Program listing ►LBL D 001 42,21,14 Comment X Y Z T RESULT D 002 42,26,14 D=.. RCL MATRIX D 003 45,16,14 D D MATRIX 9 004 42,16, 9 Det(D) Det(D) RCL MATRIX B 005 45,16,12 B B Det(D) LASTX 006 43 36 D D B Det(D) 1/x 007 15 D=Inv(D) Inv(D) B Det(D) RESULT E 008 42,26,15 E=.. RCL MATRIX C 009 45,16,13 C C Inv(D) B Det(D) x 010 20 E=Inv(D)xC E B Det(D) RESULT A 011 42,26,11 A=.. MATRIX 6 012 42,16, 6 A=ABxE A Det(D) MATRIX 9 013 42,16, 9 Det(A) Det(A) Det(D) x 014 20 Det(M) Det(M) RTN 015 43 32 Notes: All the Notes for the Matrix Inversion subroutine exactly apply, with the following changes:
All the Requirements for the Matrix Inversion subroutine apply exactly, with the following changes:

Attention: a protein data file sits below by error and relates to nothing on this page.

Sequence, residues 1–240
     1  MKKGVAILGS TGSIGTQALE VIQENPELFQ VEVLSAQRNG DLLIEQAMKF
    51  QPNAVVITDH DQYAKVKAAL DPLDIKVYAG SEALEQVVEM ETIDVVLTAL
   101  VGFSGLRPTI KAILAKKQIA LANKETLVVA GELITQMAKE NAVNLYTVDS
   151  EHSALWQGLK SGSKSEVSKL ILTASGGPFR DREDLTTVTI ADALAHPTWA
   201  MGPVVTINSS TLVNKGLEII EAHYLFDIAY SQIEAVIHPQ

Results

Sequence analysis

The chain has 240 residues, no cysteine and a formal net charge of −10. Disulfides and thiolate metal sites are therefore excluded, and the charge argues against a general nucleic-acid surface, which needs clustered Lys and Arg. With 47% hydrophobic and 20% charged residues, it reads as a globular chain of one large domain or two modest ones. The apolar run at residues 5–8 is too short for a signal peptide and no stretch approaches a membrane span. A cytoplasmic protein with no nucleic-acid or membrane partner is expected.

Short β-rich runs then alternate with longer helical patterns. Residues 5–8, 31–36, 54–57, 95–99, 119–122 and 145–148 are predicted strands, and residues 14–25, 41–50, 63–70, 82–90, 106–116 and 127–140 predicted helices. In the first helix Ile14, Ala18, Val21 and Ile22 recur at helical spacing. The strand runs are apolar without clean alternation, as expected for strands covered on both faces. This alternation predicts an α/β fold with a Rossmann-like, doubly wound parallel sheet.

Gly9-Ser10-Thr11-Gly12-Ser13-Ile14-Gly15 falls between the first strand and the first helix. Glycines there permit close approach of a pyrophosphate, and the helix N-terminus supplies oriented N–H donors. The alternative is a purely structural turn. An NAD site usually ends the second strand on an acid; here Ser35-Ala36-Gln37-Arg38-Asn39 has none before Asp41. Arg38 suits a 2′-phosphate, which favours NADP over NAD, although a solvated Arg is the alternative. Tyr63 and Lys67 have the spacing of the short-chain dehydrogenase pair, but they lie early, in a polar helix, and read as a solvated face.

Worked examples The following examples will show you how to use the subroutine and further assume that we're using the newly released HP15C CE (Collector's Edition) in its default mode, i.e. with just 96 registers available to store matrix elements. 1. Worked 5x5 Toy Example The 5x5 matrix used in this example is the same as the one used in the corresponding example for Matrix Inversion above, the only difference being that now you're asked to compute its determinant instead of its inverse, so just exactly follow the initialization and input instructions indicated there until you are about to perform the computation part, where you should now do the following:  Compute the determinant: D > 1,813.0000 {nearly instantaneous} As no inverse matrix es computed, its output instructions don't apply here. 2. Worked 9x9 Fullfledged Example The 9x9 matrix used in this example is the same as the one used in the corresponding example for Matrix Inversion above, the only difference being that now you're asked to compute its determinant instead of its inverse, so just follow exactly the initialization and input instructions indicated there until you are about to perform the computation part, where you should now do the following:  Compute the determinant: D > 10,278,575.95 {~ 0.2 sec.; exact is 10,278,576} As no inverse matrix es computed, its output instructions don't apply here. Notes: You might consider applying the same finalization instructions as described in the final Notes for Matrix Inversion above. The implementation Part 3: All together now There are two relevant questions: 1. Can both subroutines fit at the same time in the default CE/96 mode ? Yes, both are completely standalone (neither one requires the other or its results) but the Inversion routine is 33 bytes long while the Determinant routine is 18 bytes long, so they would seem to occupy 51 bytes together. However, if you change the final RTN instruction at step 029 in the former by an R/S instruction and delete the initial LBL D at step 001 and the RTN at step 015 in the latter, you can concatenate both and the combination will fit in 49 bytes (7 registers,) which is exactly all the memory that is available for the code if you want to process a 9x9 matrix in the standard CE/96 mode. But if using the extended CE/192 mode instead, the question is moot as both routines can be present at the same time, unmodified, and there's plenty of room for larger matrices or additional programs. 2. Is it possible to compute both Inverse and Determinant without having to reintroduce the original data ? Yes, it is quite possible by using either one of two simple tricks. Assuming both routines are present in program memory, say you want to compute the inverse and the determinant of a large matrix without having to reintroduce the matrix elements. Do as follows: